We were not able to evaluate the response to long term treatment with immunosuppressant as the study was cross-sectional. All the patients who received high dose methylprednisolone treatment in the past either for relapses or not described somewhat improvement. Some important clinical benefits have been observed with pulse steroid therapy alone or in conjunction with mitoxantrone or cyclophosphamide in cases with PPMS (27-30).

As a conclusion, our study is a retrospective, single centre study. The clinical and laboratory comparison of two groups showed mainly similar results which were compatible with the literature. It is important to clarify if any difference exists between groups for the onset age and frequency of raised IgG index in the future studies with larger sample size. The major limitations of this study include its retrospective design and the number of patients, particularly with PRMS was small. The study involved retrospective analysis of MRI; we would have got more information from the imaging if the imaging data could have been reinforced. To our knowledge, this is the first study focusing on the clinical course and laboratory findings of primary onset Turkish MS patients. Further studies with a larger group of patients are necessary to detect the national or geographical differences in the characteristics of the disease. In addition to clinical assessments, pathological studies investigating the two subgroups of progressive onset are valuable in order to determine the similarities and differences, and understand underneath pathophysiological process.

Ethics Committee Approval: The study was approved by the Ethics Committee Hacettepe University.

Informed Consent: Written informed consent was obtained from all participants.

Peer-review: Externally peer-reviewed.

Author Contributions: Concept - BK, AKK, ATK, RK; Design - BK, AKK, ATK, RK; Supervision - BK, AKK, ATK, RK; Resource - BK, AKK, ATK, RK; Materials - BK, AKK, ATK, RK; Data Collection and/ or Processing - BK, AKK, ATK, RK; Analysis and/or Interpretation - BK, AKK, ATK, RK; Literature Search - BK, AKK, ATK, RK; Writing - BK, AKK, ATK, RK; Critical Reviews - BK, AKK, ATK, RK.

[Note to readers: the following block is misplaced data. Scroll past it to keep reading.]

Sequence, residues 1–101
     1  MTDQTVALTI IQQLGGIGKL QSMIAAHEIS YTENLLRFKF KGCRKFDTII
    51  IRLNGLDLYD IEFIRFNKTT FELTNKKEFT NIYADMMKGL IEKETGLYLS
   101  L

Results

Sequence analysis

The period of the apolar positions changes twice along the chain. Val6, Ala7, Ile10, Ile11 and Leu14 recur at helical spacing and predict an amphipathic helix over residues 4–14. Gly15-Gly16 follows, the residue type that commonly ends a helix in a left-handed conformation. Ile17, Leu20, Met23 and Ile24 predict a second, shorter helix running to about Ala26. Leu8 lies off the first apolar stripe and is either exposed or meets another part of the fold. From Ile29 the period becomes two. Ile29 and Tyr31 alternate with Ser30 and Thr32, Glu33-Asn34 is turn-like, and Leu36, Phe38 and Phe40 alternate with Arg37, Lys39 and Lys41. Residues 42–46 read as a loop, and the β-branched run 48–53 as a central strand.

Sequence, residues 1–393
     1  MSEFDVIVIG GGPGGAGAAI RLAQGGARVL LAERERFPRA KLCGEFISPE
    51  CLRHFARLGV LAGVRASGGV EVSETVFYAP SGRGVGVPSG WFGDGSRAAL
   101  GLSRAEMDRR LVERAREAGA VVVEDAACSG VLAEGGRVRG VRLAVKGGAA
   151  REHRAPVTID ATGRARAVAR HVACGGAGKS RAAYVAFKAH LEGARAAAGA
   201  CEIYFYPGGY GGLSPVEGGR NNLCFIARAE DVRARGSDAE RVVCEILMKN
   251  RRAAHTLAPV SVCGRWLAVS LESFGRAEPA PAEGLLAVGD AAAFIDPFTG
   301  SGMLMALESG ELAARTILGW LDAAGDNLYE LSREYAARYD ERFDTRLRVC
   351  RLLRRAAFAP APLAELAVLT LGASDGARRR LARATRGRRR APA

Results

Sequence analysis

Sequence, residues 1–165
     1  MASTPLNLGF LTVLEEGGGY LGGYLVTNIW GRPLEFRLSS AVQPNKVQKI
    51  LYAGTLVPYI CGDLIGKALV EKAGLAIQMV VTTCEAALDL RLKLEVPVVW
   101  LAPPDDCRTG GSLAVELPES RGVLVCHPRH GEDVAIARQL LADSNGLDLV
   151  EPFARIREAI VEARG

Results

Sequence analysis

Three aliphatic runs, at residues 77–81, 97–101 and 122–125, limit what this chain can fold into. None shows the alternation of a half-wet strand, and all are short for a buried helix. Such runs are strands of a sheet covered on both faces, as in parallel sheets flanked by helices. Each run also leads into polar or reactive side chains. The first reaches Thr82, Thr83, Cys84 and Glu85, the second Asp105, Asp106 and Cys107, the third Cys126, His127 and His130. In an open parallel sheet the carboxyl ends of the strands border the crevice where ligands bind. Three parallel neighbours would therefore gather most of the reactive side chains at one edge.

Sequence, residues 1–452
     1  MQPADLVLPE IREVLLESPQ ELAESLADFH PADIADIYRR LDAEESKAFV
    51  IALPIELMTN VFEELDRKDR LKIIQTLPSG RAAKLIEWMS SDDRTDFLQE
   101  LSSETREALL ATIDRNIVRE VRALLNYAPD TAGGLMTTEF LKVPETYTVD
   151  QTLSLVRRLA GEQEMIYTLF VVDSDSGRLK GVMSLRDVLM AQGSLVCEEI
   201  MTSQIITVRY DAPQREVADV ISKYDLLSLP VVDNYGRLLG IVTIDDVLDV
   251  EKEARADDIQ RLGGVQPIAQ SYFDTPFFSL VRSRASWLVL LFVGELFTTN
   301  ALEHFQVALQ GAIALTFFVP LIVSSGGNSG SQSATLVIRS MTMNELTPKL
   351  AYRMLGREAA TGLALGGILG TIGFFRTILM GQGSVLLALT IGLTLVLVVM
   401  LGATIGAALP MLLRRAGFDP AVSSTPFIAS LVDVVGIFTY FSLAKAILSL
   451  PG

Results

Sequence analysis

Conflict of Interest: No conflict of interest was declared by the authors.

Financial Disclosure: The authors declared that this study has received no financial support.


(1.) Trapp BD, Nave KA. Multiple sclerosis: an immune or neurodegenerative disorder? Annu Rev Neurosci 2008;31:247-269. [CrossRef]

(2.) Koch M, Kingwell E, Rieckmann P, Tremlett H. The natural history of primary progressive multiple sclerosis. Neurology 2009;73:1996-2002. [CrossRef]

(3.) Kremenchutzky M, Cottrell D, Rice G, Hader W, Baskerville J, Koopman W, Ebers GC. The natural history of multiple sclerosis: a geographically based study 7. Progressive-relapsing and relapsing-progressive multiple sclerosis: a re-evaluation. Brain 1999;122 (Pt 10):1941-1950.

(4.) Willer CJ, Dyment DA, Risch NJ, Sadovnick AD, Ebers GC; Canadian Collaborative Study Group. Twin concordance and sibling recurrence rates in multiple sclerosis. Proc Natl Acad Sci USA 2003;100:12877-12882. [CrossRef]

(5.) Kurtzke JF. Geographic distribution of multiple sclerosis: an update with special reference to Europe and the Mediterranean region. Acta Neurol Scand 1980;62:65-80.

(6.) Hammond SR, McLeod JG, Millingen KS, Stewart-Wynne EG, English D, Holland JT, McCall MG. The epidemiology of multiple sclerosis in three Australian cities: Perth, Newcastle and Hobart. Brain 1988;111( Pt 1):1-25.

(7.) Polman CH, Reingold SC, Banwell B, Clanet M, Cohen JA, Filippi M, Fujihara K, Havrdova E, Hutchinson M, Kappos L, Lublin FD, Montalban X, O'Connor P, Sandberg-Wollheim M, Thompson AJ, Waubant E, Weinshenker B, Wolinsky JS. Diagnostic criteria for multiple sclerosis: 2010 revisions to the McDonald criteria. Ann Neurol 2011;69:292-302. [CrossRef]

(8.) Cottrell DA, Kremenchutzky M, Rice GPA, Koopman WJ, Hader W, Baskerville J, Ebers GC. The natural history of multiple sclerosis: a geographically based study. 5. The clinical features and natural history of primary progressive multiple sclerosis. Brain 1999;122( Pt 4):625-39.

(9.) Tremlett H, Paty D, Devonshire V. The natural history of primary progressive MS in British Columbia, Canada. Neurology 2005;65:1919-1923. [CrossRef]